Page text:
About the Renewable Energy Challenge Fund (RECF) Uganda
The goal of RECF is to increase access to renewable, efficient energy for domestic, productive and social uses among underserved poor households, especially in rural areas.
By end of 2020, RECF aims to support 150,000 low-income customers transition to renewable energy.
The RECF is managed by the United Nations Capital Development Fund (UNCDF) and funded by the Embassy of Sweden in Uganda.
This report was commissioned by the United Nations Capital Development Fund (UNCDF) YouthStart Global program and was drafted by Katrina Kwan and by Ata Cisse. The field research was possible due to the multiple tools and templates that Dalberg Global Development Advisors developed for UNCDF under the Inception Phase of YouthStart Global. The report relies on the inputs of a broad range of stakeholders in the youth economic opportunities ecosystem in Uganda who shared their views and suggestions for the preparation of this report.
Eighty-three thousand customers within the first 48 hours, 650,000 after one month, over 1,000,000 in three months: MoKash is off to a great start in Uganda.
MoKash has taken off strongly, being favourably compared to its counterparts M-Shwari in Kenya (645,000 customers in the 21 days after launch) and M-Pawa in the United Republic of Tanzania (250,000 customers in the first month).
On Day 3 of the #DFS4Women event, important insights started emerging about how to leverage the digitization of high volume payments to build a digital ecosystem in which people feel at ease using mobile money and second generation financial products. Significant emphasis was placed on behavioural changes and on what drives individuals to reassess their saving and spending practices and adopt new ones.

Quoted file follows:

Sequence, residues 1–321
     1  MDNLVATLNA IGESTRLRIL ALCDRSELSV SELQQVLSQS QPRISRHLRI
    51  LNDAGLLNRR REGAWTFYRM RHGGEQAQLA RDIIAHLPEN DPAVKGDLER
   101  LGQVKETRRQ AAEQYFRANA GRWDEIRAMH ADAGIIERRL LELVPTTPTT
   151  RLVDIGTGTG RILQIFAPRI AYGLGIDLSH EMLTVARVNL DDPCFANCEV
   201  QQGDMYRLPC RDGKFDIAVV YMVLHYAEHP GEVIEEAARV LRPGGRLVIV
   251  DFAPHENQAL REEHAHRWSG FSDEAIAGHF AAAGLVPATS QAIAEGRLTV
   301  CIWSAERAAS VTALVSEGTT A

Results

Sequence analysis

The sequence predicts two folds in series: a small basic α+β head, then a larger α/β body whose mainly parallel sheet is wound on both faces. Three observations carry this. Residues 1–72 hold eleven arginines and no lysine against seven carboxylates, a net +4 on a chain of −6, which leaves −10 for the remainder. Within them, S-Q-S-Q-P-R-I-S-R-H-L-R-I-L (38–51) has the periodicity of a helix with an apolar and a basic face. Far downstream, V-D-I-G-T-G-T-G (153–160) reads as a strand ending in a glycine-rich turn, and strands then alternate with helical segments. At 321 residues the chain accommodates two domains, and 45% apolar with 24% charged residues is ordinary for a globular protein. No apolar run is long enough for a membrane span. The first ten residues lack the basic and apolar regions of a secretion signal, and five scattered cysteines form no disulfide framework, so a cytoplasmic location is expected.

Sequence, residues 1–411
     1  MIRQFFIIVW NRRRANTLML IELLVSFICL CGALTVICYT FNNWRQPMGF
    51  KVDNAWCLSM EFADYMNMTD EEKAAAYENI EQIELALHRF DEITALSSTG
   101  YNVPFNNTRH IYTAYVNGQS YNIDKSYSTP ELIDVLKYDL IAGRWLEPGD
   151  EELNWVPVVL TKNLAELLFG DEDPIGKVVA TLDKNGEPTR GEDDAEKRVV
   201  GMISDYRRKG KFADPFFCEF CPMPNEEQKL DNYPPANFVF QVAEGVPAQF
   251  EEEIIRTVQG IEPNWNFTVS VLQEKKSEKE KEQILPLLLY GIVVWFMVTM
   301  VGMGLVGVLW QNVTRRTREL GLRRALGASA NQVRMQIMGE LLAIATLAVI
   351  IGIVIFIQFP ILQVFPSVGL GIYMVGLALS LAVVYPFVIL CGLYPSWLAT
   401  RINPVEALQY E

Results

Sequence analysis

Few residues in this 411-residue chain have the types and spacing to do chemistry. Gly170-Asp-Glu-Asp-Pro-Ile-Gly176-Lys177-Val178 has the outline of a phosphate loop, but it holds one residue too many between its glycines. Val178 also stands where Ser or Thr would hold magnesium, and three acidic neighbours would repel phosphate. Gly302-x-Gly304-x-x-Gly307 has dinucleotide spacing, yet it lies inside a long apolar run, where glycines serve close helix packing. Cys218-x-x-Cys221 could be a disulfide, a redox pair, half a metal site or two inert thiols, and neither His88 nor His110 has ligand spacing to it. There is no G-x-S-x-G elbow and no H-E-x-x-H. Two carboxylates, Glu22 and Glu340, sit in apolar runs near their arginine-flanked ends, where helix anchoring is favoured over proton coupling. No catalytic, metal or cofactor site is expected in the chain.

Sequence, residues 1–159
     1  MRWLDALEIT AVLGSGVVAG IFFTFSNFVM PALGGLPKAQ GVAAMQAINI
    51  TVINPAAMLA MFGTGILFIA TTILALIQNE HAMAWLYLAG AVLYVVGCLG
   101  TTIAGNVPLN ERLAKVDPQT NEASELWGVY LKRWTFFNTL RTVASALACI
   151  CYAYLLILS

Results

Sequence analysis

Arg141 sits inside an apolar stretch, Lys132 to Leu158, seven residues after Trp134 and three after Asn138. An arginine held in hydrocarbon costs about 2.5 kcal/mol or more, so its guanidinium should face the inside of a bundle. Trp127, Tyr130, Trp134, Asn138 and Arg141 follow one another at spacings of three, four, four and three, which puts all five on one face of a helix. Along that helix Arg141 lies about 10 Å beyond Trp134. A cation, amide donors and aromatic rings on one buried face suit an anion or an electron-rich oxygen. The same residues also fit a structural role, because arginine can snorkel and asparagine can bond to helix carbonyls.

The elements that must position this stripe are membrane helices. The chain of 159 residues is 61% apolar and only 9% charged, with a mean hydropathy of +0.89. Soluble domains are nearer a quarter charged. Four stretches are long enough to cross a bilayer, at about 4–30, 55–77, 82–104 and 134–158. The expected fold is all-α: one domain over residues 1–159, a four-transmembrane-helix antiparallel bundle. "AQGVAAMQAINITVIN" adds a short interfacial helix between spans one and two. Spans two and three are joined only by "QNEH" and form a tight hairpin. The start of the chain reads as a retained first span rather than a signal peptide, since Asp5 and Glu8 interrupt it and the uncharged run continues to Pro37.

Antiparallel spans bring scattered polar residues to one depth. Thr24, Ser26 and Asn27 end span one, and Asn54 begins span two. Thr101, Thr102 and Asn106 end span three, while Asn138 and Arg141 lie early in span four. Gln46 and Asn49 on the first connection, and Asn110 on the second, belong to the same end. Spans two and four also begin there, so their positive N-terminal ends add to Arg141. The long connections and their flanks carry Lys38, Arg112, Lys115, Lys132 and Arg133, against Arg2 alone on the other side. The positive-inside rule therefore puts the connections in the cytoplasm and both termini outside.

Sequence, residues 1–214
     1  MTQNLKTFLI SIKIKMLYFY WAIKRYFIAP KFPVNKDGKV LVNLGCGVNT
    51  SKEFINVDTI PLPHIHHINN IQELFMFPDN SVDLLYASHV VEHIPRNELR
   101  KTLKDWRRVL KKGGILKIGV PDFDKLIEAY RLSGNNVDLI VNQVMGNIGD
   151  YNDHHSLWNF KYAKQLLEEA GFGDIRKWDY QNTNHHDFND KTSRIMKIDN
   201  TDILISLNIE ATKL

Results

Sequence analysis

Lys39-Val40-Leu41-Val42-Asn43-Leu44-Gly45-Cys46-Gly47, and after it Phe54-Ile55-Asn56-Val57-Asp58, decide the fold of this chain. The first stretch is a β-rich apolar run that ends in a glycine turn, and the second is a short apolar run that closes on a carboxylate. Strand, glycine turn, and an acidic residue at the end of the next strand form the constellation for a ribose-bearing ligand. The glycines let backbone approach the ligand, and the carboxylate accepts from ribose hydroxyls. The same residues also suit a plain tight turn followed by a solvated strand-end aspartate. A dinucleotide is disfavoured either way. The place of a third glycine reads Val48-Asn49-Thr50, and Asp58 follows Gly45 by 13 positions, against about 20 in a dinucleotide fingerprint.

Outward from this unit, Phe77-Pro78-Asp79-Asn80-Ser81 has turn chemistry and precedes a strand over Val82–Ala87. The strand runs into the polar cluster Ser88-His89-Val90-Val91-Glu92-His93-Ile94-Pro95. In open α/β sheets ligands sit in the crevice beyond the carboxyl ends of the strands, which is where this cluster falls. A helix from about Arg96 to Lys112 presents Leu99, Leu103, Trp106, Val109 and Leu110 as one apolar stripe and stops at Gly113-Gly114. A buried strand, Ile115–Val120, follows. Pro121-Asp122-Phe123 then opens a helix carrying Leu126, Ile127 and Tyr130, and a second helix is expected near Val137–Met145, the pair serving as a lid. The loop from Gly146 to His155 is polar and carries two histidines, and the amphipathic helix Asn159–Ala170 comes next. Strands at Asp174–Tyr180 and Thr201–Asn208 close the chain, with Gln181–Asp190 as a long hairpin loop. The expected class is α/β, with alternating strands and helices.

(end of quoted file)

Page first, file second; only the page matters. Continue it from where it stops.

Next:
As agents represent the first and most tangible touch point for most digital financial service (DFS) customers, there is little doubt that having an effective agent network is key to the success of any DFS provider’s operations. Research published by The Helix Institute of Digital Finance in 2015 suggests that agent networks are also probably the most operationally burdensome and costly element
Day 2 of the #DFS4Women event saw participants go out into local communities to meet the real digital financial service (DFS) experts: mobile money customers and agents. Using a mobile-based Android app developed by Optimetriks, a provider of technological solutions to collect, process and visualize data, participants set out on a casual survey of DFS customers and agents.
Globally, there are 1.1 billion economically active but low-income women. What this means for digital financial service (DFS) providers is that there is a huge potential market of women DFS customers that remains largely untapped. When it comes to DFS, it turns out that what is good for women is good for everyone.